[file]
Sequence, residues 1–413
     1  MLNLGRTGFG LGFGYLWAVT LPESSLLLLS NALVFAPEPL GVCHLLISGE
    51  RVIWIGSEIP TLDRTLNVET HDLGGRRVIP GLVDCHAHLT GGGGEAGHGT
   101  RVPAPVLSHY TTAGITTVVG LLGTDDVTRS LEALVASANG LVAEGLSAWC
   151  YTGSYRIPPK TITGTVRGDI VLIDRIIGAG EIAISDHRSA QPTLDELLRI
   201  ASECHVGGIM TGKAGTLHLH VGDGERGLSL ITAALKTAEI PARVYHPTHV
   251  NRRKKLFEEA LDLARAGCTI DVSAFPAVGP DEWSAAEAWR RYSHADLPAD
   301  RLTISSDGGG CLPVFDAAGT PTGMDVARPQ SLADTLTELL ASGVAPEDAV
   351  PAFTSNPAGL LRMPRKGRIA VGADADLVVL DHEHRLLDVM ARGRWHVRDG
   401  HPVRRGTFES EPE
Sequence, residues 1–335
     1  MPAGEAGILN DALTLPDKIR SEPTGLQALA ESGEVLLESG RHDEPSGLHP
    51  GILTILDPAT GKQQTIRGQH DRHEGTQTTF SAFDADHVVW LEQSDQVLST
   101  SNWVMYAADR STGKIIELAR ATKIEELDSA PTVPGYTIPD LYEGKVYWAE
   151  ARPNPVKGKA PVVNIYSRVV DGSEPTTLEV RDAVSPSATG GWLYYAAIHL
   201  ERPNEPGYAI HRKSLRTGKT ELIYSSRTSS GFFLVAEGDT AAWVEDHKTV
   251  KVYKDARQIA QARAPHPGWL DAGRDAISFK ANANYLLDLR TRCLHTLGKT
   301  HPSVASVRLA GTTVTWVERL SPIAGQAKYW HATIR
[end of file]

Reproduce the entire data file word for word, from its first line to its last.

Sequence, residues 1–413
     1  MLNLGRTGFG LGFGYLWAVT LPESSLLLLS NALVFAPEPL GVCHLLISGE
    51  RVIWIGSEIP TLDRTLNVET HDLGGRRVIP GLVDCHAHLT GGGGEAGHGT
   101  RVPAPVLSHY TTAGITTVVG LLGTDDVTRS LEALVASANG LVAEGLSAWC
   151  YTGSYRIPPK TITGTVRGDI VLIDRIIGAG EIAISDHRSA QPTLDELLRI
   201  ASECHVGGIM TGKAGTLHLH VGDGERGLSL ITAALKTAEI PARVYHPTHV
   251  NRRKKLFEEA LDLARAGCTI DVSAFPAVGP DEWSAAEAWR RYSHADLPAD
   301  RLTISSDGGG CLPVFDAAGT PTGMDVARPQ SLADTLTELL ASGVAPEDAV
   351  PAFTSNPAGL LRMPRKGRIA VGADADLVVL DHEHRLLDVM ARGRWHVRDG
   401  HPVRRGTFES EPE
Sequence, residues 1–335
     1  MPAGEAGILN DALTLPDKIR SEPTGLQALA ESGEVLLESG RHDEPSGLHP
    51  GILTILDPAT GKQQTIRGQH DRHEGTQTTF SAFDADHVVW LEQSDQVLST
   101  SNWVMYAADR STGKIIELAR ATKIEELDSA PTVPGYTIPD LYEGKVYWAE
   151  ARPNPVKGKA PVVNIYSRVV DGSEPTTLEV RDAVSPSATG GWLYYAAIHL
   201  ERPNEPGYAI HRKSLRTGKT ELIYSSRTSS GFFLVAEGDT AAWVEDHKTV
   251  KVYKDARQIA QARAPHPGWL DAGRDAISFK ANANYLLDLR TRCLHTLGKT
   301  HPSVASVRLA GTTVTWVERL SPIAGQAKYW HATIR